Battle for Mosul: What you need to know
Since then the militants' grip has been gradually loosened, with Tikrit, Ramadi and Fallujah retaken by Iraqi special forces - significantly strengthened with training and aid from the United States.
The massive offensive to liberate Mosul will be make-or-break for both sides. Mosul is the most populous city under IS' control, and it was in the city's Great Mosque that IS leader Abu Bakr al-Baghdadi announced his self-proclaimed caliphate.
Having been kicked out of Dabiq in Syria on Sunday - a town of huge ideological value to the hardline Sunni group - losing Iraq's second city would be a further catalyst for its demise.
For Baghdad, winning back Mosul after the army's historic collapse two years ago would signify an important step towards the country's recovery after years of sectarian strife and bloodshed.
Who will take part in the battle?
In addition to the Iraqi army backed by a US-led coalition, Kurdish Peshmerga forces, Iraqi special forces and Sunni tribal fighters.
Shia militia forces are also expected to play a role in the Mosul operation, however their involvement has been particularly sensitive, as Nineveh province is a majority Sunni area and Shia militia forces have been accused of carrying out abuses against civilians in other operations against IS.
Turkey's insistence its troops take part in the battle, with 2,000 troops stationed outside of Mosul, has been rejected by Baghdad. It is unclear whether they will play a role in the operation.
What is the plan of action?
Iraq's special forces say the fight to retake Mosul will largely be launched from the north and east.
The Kurdish peshmerga forces say they will push IS out of a cluster of mostly Christian and Yazidi villages northeast of Mosul along the Nineveh plain, while Iraqi military troops try to cut the main supply line northwest of Mosul that links IS territory in Iraq to its strongholds in Syria.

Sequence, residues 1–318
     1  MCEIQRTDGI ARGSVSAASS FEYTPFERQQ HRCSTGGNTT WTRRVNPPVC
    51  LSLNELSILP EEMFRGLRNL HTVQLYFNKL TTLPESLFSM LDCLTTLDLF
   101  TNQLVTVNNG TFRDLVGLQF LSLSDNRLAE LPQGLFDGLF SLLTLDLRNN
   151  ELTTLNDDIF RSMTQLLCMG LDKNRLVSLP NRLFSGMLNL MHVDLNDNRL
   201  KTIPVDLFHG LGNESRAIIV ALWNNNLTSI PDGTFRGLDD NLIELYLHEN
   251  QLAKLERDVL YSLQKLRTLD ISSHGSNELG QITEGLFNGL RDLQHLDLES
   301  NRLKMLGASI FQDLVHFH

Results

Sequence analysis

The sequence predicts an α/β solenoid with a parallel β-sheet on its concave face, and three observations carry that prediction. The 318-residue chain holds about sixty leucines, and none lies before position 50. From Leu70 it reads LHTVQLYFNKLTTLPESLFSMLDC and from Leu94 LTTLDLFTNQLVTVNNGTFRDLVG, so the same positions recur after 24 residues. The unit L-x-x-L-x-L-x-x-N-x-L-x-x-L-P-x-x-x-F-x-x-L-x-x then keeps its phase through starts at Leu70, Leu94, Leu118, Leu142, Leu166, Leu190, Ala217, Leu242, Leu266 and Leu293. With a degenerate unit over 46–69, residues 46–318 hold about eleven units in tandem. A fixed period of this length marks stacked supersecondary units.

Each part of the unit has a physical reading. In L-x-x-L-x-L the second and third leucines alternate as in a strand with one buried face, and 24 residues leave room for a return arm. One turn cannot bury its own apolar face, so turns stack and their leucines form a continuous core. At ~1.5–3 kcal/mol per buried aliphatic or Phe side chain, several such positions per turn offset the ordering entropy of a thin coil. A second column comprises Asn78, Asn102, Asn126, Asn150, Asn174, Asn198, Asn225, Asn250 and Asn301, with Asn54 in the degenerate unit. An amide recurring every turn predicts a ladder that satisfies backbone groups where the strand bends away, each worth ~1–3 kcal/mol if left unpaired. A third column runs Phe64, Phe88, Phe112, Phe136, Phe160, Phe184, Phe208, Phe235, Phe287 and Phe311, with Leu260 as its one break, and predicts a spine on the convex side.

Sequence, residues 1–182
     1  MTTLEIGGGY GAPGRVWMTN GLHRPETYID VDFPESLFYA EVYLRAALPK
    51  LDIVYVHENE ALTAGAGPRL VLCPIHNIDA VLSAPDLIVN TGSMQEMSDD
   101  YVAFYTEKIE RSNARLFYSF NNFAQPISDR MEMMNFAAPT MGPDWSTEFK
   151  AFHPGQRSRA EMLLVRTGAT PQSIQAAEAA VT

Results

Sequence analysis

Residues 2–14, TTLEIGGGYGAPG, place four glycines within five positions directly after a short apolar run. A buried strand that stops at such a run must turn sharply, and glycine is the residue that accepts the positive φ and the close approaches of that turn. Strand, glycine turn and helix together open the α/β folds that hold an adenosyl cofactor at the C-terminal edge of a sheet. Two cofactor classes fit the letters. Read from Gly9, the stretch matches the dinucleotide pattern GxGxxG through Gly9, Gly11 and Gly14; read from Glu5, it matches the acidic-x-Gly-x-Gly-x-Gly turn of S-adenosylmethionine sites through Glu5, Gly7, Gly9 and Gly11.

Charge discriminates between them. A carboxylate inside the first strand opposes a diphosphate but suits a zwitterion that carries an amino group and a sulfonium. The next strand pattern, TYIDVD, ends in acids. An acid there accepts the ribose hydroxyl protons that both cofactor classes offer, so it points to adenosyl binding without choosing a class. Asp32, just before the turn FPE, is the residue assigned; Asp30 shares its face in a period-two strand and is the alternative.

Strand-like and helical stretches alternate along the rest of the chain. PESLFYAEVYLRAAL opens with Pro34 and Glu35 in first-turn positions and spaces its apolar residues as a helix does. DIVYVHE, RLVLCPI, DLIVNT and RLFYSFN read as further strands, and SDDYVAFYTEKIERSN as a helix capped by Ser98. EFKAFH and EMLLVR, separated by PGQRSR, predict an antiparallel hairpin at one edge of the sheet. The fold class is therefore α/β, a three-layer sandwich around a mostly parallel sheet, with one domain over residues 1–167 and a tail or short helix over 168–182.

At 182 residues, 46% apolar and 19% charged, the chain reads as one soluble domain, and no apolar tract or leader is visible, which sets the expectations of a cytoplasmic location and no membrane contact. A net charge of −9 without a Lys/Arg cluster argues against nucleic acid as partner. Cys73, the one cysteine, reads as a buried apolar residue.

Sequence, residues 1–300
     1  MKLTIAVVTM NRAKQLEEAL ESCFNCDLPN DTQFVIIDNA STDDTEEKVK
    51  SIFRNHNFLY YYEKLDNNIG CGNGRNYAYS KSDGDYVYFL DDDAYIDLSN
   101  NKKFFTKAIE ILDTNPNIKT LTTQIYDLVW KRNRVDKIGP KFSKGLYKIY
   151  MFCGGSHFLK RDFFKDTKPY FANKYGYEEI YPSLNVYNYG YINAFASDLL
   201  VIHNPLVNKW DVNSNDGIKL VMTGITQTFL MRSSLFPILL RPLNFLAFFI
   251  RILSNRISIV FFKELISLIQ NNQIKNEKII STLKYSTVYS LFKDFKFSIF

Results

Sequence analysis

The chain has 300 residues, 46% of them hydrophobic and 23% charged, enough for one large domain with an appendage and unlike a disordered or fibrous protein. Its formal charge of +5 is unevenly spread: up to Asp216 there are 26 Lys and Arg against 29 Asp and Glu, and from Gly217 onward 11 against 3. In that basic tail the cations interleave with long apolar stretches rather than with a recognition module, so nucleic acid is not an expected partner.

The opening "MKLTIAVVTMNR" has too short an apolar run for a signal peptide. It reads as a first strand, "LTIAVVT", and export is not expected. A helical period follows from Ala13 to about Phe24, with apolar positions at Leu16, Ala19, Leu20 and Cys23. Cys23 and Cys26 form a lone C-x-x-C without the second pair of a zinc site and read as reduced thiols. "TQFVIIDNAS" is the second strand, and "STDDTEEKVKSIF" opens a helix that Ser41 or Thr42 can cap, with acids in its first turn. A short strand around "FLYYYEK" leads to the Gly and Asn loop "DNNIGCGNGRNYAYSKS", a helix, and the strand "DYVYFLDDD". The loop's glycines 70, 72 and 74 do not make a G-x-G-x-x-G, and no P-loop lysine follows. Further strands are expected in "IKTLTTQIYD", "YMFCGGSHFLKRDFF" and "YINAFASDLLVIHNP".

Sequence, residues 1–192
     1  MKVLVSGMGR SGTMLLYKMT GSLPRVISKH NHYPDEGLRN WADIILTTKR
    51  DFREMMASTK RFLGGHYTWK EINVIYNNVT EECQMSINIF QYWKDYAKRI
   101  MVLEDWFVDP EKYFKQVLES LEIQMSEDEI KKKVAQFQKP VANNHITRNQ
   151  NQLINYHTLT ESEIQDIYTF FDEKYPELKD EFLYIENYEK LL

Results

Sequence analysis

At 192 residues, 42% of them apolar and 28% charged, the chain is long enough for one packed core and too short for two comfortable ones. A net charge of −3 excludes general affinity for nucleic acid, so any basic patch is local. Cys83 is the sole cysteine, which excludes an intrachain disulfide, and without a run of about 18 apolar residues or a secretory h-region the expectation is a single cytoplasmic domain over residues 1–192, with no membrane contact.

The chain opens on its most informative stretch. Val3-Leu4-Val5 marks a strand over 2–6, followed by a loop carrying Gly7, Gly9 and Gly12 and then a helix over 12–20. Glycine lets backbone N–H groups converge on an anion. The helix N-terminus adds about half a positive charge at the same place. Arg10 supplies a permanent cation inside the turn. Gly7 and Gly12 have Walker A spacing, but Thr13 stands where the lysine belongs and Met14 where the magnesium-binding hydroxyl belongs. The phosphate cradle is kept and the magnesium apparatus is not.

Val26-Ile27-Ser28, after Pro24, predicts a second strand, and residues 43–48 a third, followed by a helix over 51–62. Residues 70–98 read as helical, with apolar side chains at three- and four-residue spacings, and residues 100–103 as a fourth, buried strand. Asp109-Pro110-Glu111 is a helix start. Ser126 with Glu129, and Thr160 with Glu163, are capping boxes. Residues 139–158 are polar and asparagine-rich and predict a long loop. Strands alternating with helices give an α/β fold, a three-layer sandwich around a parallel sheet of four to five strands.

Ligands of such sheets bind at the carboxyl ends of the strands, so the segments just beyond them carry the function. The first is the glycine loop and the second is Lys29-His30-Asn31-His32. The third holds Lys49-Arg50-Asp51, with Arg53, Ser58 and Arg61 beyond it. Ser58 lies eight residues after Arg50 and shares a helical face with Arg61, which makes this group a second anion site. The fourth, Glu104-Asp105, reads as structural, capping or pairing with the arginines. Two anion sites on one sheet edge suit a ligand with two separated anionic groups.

A large number of Iraqi military forces are also expected to push up from Qayyarah air base,south of Mosul, which is expected to be the main hub of operations.
Once villages around Mosul have been cleared of IS fighters, Iraqi forces are expected to lead the push into the city of Mosul itself.
Is IS expected to put up a strong fight?
In recent battles on the road to Mosul, IS fighters largely fled and launched only limited, small-scale counterattacks.
As Iraqi forces have moved to isolate Mosul, residents reported that IS fighters have been reinforcing trenches around the city and setting booby-trapped explosives along main thoroughfares.
What about the civilians inside Mosul?
Hours before the operation began on Sunday, the Iraqi government dropped leaflets over Mosul, warning them of the impending battle, and offering advice on staying safe.
However preparations have long been in the making with aid agencies bracing for a mass exodus of civilians, which is likely to overwhelm humanitarian efforts.
The UN humanitarian coordinator for Iraq Lise Grande said only last week that it was significantly short of the $1 billion it needs to ensure the safety of those fleeing.
Of the up to 1.5 million people believed to be in Mosul now, around 200,000 are expected to try and escape.
So far, a total of six camps have been built that can accommodate 50,000 people, with 11 set to be constructed.
Civilians could also be trapped in the city, as Islamic State fighters have a history of forcing residents to stay in harm's way during previous battles to defend territory.
What can be expected from the battle?
While Iraqi forces have successfully pushed IS out of its territory over the past year, the Mosul fight is expected to be the biggest and most complex yet for the country's military.
Retaking Mosul also poses a huge humanitarian challenge, with an estimated 1.5 million people either fleeing the city as tanks roll in, or staying in their homes and risk being caught in the crossfire.
As well as the logistical hurdles, Mosul's liberation will test any attempts to stabilise Iraq. The country remains deeply divided, and the grievances between the Sunni, Shia and Kurdish communities that allowed IS to rise to power in the first place have not been resolved.
Some Iraqi officials have cautioned that even after Mosul is retaken from IS, violence will erupt again in the form of revenge killings or clashes between groups once allied against a common enemy.